Education And Debate

Lesson of the Week: The risks of delay in diagnosis of breathlessness in pregnancy

BMJ 1995; 311 doi: (Published 21 October 1995) Cite this as: BMJ 1995;311:1083
  1. C A Morley, consultanta,
  2. B A Lim, senior house officera
  1. aDepartment of Cardiology, St Luke's Hospital, Bradford BD5 0NA
  1. Correspondence to: Dr Morley.
  • Accepted 31 January 1995

Heart disease is an important cause of dyspnoea in pregnancy. The diagnosis can easily be missed by the unwary unless it is specifically looked for. Owing to the physiological change and hyperdynamic circulation of pregnancy, patients often deteriorate suddenly and unexpectedly, catching both them and their doctors by surprise. If the diagnosis is not made early this may prove fatal. We describe five cases (over two years) of cardiac disease presenting for the first time during pregnancy.

Be aware of cardiac dyspnoea in pregnant women when they are breathless

Case reports


A 33 year old Asian (Indian subcontinent) woman presented in the 16th week of pregnancy (para 3+0). Since her arrival from Pakistan five years previously she had been complaining of shortness of breath with poor exercise tolerance, and had a copious productive cough with clear sputum. She was treated by her general practitioner with antihistamines for “allergy.” She was admitted acutely to the obstetrics unit as she was thought to be draining liquor. The medical team was then asked to see her in view of dyspnoea at rest. A few days before her acute admission she had also been complaining of a worsening cough with greenish sputum.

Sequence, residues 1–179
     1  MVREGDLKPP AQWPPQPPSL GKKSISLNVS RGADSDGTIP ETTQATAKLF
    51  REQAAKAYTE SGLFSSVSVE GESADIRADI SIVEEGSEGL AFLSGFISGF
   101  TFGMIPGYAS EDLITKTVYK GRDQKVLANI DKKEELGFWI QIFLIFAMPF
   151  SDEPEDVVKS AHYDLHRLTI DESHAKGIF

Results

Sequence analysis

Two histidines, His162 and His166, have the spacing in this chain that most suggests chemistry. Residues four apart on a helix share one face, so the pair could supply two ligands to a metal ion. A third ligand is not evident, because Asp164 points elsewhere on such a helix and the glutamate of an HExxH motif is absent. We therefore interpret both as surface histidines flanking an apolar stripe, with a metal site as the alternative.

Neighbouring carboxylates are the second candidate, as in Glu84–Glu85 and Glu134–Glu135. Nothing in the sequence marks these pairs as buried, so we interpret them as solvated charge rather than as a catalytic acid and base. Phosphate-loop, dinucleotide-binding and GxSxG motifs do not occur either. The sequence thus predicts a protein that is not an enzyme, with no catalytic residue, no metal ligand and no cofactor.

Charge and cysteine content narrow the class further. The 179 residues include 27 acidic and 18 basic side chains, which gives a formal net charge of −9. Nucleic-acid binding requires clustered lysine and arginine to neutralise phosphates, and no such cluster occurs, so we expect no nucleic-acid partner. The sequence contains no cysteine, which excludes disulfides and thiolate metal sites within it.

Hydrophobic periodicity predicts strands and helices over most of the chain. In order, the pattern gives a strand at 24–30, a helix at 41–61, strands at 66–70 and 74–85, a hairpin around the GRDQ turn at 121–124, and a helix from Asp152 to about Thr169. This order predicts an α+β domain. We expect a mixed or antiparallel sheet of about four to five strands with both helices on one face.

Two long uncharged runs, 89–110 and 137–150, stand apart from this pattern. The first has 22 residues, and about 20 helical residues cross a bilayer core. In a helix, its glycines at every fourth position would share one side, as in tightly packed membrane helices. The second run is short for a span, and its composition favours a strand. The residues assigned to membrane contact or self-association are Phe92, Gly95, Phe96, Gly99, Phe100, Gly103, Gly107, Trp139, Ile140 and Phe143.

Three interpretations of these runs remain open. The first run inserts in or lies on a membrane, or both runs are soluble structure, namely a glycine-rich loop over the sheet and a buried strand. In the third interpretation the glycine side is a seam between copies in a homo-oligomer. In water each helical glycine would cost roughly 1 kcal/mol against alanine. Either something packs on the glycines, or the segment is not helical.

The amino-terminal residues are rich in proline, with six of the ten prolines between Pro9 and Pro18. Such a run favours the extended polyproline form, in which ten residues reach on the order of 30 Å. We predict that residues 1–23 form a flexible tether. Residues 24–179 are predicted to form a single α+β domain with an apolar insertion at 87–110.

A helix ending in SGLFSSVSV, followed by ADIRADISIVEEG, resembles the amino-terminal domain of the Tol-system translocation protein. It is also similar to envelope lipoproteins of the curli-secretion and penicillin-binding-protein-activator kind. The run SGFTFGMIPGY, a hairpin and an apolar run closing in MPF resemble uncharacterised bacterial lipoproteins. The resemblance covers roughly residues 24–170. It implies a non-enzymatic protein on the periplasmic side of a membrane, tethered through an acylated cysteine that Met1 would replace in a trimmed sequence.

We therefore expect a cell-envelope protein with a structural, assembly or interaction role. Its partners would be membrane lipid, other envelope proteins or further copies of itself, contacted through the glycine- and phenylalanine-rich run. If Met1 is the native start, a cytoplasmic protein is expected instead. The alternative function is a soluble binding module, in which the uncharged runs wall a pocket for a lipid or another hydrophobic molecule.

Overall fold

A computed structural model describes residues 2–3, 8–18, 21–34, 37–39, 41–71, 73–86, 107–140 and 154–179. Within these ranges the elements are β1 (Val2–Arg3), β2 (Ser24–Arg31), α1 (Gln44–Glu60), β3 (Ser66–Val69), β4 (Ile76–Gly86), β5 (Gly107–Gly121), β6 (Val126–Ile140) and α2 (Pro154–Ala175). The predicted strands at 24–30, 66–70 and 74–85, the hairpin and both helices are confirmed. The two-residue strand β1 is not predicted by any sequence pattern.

On examination she was dyspnoeic at rest, feverish, in sinus tachycardia, and had widespread rhonchi and right basal crepitations. No heart murmurs were heard. A chest x ray was not requested until the next day as it was thought that this was a case of infective exacerbations of previously undiagnosed asthma. There was also some reluctance to perform a chest x ray as she was pregnant. She improved initially with oxygen, nebulisers, and antibiotics, but several hours later she suddenly became very dyspnoeic and started coughing copious amounts of sputum.

She suffered respiratory arrest, was intubated successfully, resuscitated, and transferred to the intensive care …

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